We were happy dudes and dudesses as we returned to the lovely and fabulous Poplar Creek Golf Club for our Monday lunch. It really feels like we’re getting away from it all, rather than just jumping off the freeway on Peninsula Avenue to the Hilton SFO for an hour.


Pledge and Invocation

Lots of interesting guests and visiting Rotarians. Joe Galligan was manning the registration table. President Stan called the meeting to order promptly at 12:15. Pierre Bouquet led the pledge. Invocateur Frances Boscacci says we are all one family: There are 7,500 generations of homo sapiens, 500 of the most recent generations civilized. We are all related. Her invocation spoke to the gratitude we owe for the lives we lead…and all the new relatives!
Visiting Rotarians & Guests

Visitors included Marsha Eddleman and Mitch Williams from the San Mateo Club. Mitchell is Owner and CEO of Home Helpers. Marsha Eddleman is part of the group of Mission Hospice angels, our speakers for the day. Pierre Bouquet introduced his guest, Larry Wigby, CPA.

Our guests today were more angels from Mission Hospice including Mary Chigos, Christine Ritzo introduced by fellow Rotarian, Victoria Haket.


John Delaney thanked the volunteers who manned and womanned the booths at Burlingame on the Avenue over the weekend...some $550 was collected, with $250 from President Stan's table alone!

President Stan received a cheeky missive via electronic transmission from the erudite Professor Mike Kimball. Something about being mawkish and self-referential. Stan got back at the Professor, identifying him as singularly loquacious.

President Stan requested a vote by a show of hands on whether the membership was agreeable to meeting on Wednesdays at Poplar Creek Golf Club beginning January 9th, 2017. Yes, absolutely and positively!!! 33 members were in favor, 2 members opposed.

We sang Happy Birthday to Mark Johnson when he finally arrived. And Happy Birthday to Emily Matthews, too, who is off kayaking or baking something yummy.

President Stan acknowledged Dr. Paul Nieberding who has been a member since 1966. His sponsor was Dr. Irv Gardiner who delivered the last Nieberding baby.

Charlie Rosebrook reminded that it’s just 5.5 weeks until our annual dinner (A mandatory club event) at the Peninsula Golf and Country Club, October 3. It is completely allowable to pay in advance; Marilyn Orr is always ready to put your cash in her little pouch.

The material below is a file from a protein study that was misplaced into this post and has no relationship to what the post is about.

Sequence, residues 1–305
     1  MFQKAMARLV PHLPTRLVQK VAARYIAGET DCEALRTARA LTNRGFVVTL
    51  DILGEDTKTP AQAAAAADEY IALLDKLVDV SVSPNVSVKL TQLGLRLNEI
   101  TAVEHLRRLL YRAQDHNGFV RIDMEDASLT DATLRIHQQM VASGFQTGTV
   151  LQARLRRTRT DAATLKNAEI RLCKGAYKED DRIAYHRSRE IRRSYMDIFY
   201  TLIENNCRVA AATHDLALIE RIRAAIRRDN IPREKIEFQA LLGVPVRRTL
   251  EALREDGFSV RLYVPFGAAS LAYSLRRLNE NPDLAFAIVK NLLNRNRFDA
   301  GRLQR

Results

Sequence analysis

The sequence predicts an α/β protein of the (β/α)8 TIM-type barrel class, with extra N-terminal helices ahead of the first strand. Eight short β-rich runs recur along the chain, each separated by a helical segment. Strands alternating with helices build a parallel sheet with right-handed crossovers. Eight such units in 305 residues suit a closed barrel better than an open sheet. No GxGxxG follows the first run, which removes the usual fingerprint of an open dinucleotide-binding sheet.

Cheryl Fama was recognized for her amazing dedication and service as our Club Secretary through four Rotary Presidents’ terms. Cheryl thanked Stan by joining his President’s Club.

Speaker - Mary Chigos & Chris Ritzo 

Mary Chigos and Chris Ritzo exposed us to the compassionate work of Mission Hospice. Mission Hospice was incorporated in March of 1979. Its founders were Helen Lagen and Mac Nash. Helen was the wife of a physician, described as gracious, compassionate, and tenacious. Mac Nash, known as compassionate and energetic, was told she had 22 months to live. During the last months of Mac’s life, she and Helen Lagen founded Mission Hospice. Attentive, loving care extended her life beyond the original 22 months. She passed April 1978 at 47 years old, and was the first patient of Mission Hospice. Take time to look at their website at www.missionhospice.org. You will come to know the continuing inspiration for this work. Mission Hospice provides compassionate care and comfort when needed most. Hospice is about life! Hospice care has been in the United States since the 70s with volunteers joining the work in 1981. Hospice is a benefit, not a duty, not an obligation. With a patient’s own physician overseeing individual care, the hospice team includes a nurse, a social worker, a home health aide, and a volunteer. There is a spiritual component, but it is not religious.

More about Hospice...

Home care started with palliative home care, offering back-up for caregivers and symptom management. "Palliative" is defined as relieving pain and solving problems, while not treating underlying end-of-life causes. The Board of Directors is all-volunteer; the Board assists in preparing paperwork that will formalize patient’s health directives. Clients are made known of their options. Six months is a normal term of hospice care, but hospice care has been provided for up to three years in some cases. Through incredible work, Mission Hospice now operates Hospice House, located at 16th and Palm Avenues in San Mateo. There are ten rooms in two buildings. Patients and families both are served and supported. Hospice House is the only such facility in San Mateo County.

The subject of “Right to Die” was brought up. The ladies promised to return for a thorough discussion. It’s all new. Joe Galligan’s son is a hematology and oncology fellow at UCSF. Even at UCSF, there is no protocol yet. Mission Hospice operates independently and, as such, is funded by community donors. Patients pay what they can; nothing is required. Several Rotarians had personal experiences with Mission Hospice to share. Proud to know our own Joe Galligan was one of the original Board members. We can’t repay these people for the work they do. We can just be eternally grateful and help where and when we can.

NEXT WEEK: Back to Bayfront Hilton Hotel, Burlingame